Widgets: The EPUB 3.0 spec already makes it possible to add “widgets” (e.g., a graphing calculator for a math textbook, a slideshow viewer for a photography book) to an ebook, by embedding the necessary XHTML5/CSS/JS for the mini webapp. What the EPUB Widget Packaging and Integration specification offers, however, is a standard mechanism for packaging widgets as standalone EPUB archives (based on the EPUB Publications 3.0 spec) that can be distributed separately from the ebook, and for embedding these independent widget modules back into EPUBs. It’s the start of a module architecture for ebooks, which will make it possible for developers to share/distribute the widgets they make — effectively a rubygems or npm for EPUB. Very exciting!
EDUPUB (Disclaimer: I am a member of the EDUPUB working group): The mission of EDUPUB is to develop an ebook profile based on EPUB 3 expressly geared for educational (textbook) content. The first draft release of the EPUB 3 EDUPUB Profile introduces an initial set of structural semantics tailored for educational content (encompassing the EPUB 3 Structural Semantics Vocabulary, as well as additional terminology for learning objectives, assessments, etc.), content model rules for sectioning, and metadata usage recommendations. Future iterations will tackle requirements for teacher editions and analytics.
In addition to the IDPF’s work on ebook standards, the W3C has also chartered the Digital Publishing Interest Group (DPIG) to guide development of HTML5 and CSS features to meet the needs of publishers producing digital content. The DPIG has released a “latinreq” Working Draft to formalize typesetting requirements for Latin character sets as well as documents/wikis around structural semantics, annotation, and metadata.
#2: A new open-source rendering engine for ereaders is on the way
Standards are great, but on their own, they’re not enough. To effect meaningful change in the ebook space, publishers need to adopt said standards, and ereader vendors need to support them in their reading systems. The past three years since the EPUB 3 spec was released have seen a protracted chicken-or-egg standoff where both publishers and vendors have been relatively content to let the other side act first. Throughout this time period, there’s definitely been some motion on both sides, but a tipping point has yet to be reached.
At present, if anything’s going to break this impasse, it’s going to be the Readium project. Most people probably know of Readium as the organization behind that Chrome plugin that lets you QA EPUB 3 files in the web browser, but they’re also developing the Readium SDK, a new, open-source rendering engine for EPUB 3 that can power native ereader applications and serve as a successor to the Adobe RMSDK currently in use in many platforms, including the NOOK.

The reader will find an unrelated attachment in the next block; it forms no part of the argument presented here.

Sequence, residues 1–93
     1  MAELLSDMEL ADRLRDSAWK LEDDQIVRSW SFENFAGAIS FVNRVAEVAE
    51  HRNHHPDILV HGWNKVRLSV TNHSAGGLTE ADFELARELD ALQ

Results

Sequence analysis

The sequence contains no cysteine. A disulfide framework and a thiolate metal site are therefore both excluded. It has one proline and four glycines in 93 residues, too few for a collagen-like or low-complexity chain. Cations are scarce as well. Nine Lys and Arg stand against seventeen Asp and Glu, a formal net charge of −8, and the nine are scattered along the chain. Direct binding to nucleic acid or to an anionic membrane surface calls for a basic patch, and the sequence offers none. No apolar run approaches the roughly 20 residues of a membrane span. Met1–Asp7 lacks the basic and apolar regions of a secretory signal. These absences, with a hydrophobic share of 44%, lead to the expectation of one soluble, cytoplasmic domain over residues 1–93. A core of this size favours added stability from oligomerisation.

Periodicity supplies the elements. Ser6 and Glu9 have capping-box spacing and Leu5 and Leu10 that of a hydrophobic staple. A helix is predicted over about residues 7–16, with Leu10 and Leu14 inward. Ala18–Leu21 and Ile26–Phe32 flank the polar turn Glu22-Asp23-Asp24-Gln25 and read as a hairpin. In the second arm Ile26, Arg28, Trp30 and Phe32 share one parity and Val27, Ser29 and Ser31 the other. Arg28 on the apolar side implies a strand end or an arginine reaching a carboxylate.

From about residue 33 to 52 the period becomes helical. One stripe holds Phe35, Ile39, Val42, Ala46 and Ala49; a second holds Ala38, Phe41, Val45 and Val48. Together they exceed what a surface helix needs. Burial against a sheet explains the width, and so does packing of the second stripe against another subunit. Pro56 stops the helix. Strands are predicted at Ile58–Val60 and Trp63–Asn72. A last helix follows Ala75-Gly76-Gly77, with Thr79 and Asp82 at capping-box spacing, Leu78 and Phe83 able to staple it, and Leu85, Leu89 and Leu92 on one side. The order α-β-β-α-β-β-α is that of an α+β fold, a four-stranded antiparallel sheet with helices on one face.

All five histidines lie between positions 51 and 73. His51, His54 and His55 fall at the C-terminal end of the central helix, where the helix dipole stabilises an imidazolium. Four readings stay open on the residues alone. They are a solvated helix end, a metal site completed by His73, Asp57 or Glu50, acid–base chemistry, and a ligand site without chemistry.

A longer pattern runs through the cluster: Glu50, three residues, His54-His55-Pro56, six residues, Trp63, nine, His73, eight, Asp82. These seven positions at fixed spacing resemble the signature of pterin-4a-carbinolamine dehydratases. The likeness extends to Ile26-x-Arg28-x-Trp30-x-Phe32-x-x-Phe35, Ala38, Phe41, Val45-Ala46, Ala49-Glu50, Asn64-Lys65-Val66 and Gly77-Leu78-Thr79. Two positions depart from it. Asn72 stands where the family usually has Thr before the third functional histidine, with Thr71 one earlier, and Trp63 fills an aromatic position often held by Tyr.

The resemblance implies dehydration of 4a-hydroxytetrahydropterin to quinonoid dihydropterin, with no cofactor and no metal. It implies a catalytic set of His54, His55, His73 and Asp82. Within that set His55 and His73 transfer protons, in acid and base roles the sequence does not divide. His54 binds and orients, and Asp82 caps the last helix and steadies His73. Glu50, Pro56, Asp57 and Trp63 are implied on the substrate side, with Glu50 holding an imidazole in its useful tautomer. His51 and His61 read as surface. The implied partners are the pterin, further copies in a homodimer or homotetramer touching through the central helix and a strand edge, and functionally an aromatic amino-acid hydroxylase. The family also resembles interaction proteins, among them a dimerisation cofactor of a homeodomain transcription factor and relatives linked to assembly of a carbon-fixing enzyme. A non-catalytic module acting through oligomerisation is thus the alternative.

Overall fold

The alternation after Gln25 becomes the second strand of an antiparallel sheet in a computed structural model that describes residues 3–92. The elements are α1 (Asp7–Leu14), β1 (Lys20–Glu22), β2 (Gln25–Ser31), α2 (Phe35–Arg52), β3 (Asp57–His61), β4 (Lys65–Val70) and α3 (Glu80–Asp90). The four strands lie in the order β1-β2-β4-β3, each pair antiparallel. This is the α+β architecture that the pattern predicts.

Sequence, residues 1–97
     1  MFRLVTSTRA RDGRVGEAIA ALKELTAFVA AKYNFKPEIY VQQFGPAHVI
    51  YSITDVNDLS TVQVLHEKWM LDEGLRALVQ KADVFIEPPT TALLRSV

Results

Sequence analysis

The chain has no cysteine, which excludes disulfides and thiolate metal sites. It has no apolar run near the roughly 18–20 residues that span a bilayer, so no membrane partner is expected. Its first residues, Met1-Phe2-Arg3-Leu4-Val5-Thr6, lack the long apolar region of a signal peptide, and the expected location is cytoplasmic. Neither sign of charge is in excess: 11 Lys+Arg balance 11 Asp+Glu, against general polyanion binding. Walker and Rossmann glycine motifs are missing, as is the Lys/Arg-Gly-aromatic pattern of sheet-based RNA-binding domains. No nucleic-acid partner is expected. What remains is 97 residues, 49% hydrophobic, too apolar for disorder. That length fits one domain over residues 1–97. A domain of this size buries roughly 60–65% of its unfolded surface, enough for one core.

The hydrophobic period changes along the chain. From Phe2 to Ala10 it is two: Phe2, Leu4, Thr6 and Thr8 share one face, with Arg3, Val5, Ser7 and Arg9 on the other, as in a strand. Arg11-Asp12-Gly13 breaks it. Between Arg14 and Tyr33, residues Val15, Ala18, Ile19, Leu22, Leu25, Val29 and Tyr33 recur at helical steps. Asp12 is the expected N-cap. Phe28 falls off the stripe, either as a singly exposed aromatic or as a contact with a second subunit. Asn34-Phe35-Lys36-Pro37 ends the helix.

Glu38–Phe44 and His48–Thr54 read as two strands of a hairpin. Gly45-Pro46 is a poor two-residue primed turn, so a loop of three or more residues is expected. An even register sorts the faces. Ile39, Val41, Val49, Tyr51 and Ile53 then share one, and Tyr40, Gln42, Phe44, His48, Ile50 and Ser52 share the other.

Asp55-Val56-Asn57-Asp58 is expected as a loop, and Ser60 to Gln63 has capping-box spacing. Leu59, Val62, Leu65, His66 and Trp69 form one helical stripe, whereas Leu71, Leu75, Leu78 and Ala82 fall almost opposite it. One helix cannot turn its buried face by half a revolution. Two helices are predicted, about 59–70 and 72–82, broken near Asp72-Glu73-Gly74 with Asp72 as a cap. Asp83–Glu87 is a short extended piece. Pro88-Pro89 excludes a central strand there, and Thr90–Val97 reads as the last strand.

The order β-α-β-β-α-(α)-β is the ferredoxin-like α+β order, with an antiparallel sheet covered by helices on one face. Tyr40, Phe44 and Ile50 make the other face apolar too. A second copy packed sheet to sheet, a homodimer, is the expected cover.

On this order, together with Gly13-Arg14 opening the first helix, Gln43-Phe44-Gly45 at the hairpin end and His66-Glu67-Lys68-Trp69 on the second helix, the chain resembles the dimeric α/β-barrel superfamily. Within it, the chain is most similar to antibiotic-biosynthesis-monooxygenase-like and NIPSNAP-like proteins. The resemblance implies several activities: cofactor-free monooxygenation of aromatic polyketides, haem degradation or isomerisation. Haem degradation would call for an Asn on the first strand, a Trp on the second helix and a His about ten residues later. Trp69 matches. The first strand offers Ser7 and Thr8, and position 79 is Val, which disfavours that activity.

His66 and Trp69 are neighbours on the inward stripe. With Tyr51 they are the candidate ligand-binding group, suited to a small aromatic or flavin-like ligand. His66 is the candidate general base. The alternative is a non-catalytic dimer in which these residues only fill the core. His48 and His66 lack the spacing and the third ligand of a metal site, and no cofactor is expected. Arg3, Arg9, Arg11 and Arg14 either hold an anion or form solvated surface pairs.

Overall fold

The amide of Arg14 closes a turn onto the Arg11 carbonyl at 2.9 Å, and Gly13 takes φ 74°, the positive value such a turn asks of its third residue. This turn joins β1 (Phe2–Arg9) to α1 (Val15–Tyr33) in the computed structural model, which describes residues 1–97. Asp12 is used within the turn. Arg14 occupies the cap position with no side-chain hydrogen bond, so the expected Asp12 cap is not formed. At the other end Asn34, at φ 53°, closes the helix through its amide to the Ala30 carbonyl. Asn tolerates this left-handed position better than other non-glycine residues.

With Kobo, Google, and Adobe counted among Readium’s membership, it does not seem unreasonable to be optimistic that the SDK initiative is finally going to catalyze more widespread support of EPUB 3 in ereaders. But even if the majority of commercial platforms continue to stagnate indefinitely at EPUB 2, Readium (along with initiatives like epub.js) represents a key step toward bringing ebooks to the open web, where I believe they can flourish equally as well (if not moreso) as they do in any digital retailer’s walled garden.
#3: The tools keep coming
At Books in Browsers 2012, Adam Witwer gave an insightful talk (embedded below) entitled “We’ve got the tools. Let’s start using them,” arguing that those lamenting the lack of quality tooling upon which to build ebook workflows were too focused on a handful of high-level, proprietary apps, and had failed to take notice and avail themselves of the rich ecosystem of open-source libraries and technologies available to better accomplish the same goals. While I enthusiastically agree, I also think, pragmatically, at the time, it was too soon to expect publishers to take up this particular gauntlet. There’s a difference between employing a high-level tool “out of the box” to accomplish a task versus rolling your own app from lower-level components; the latter is degrees of magnitude more challenging — especially for firms that don’t have a deep bench of in-house software engineering talent. I’m sure to many publishers, the message “Let them build their own Rails app!” goes over about as well as “Let them eat cake!”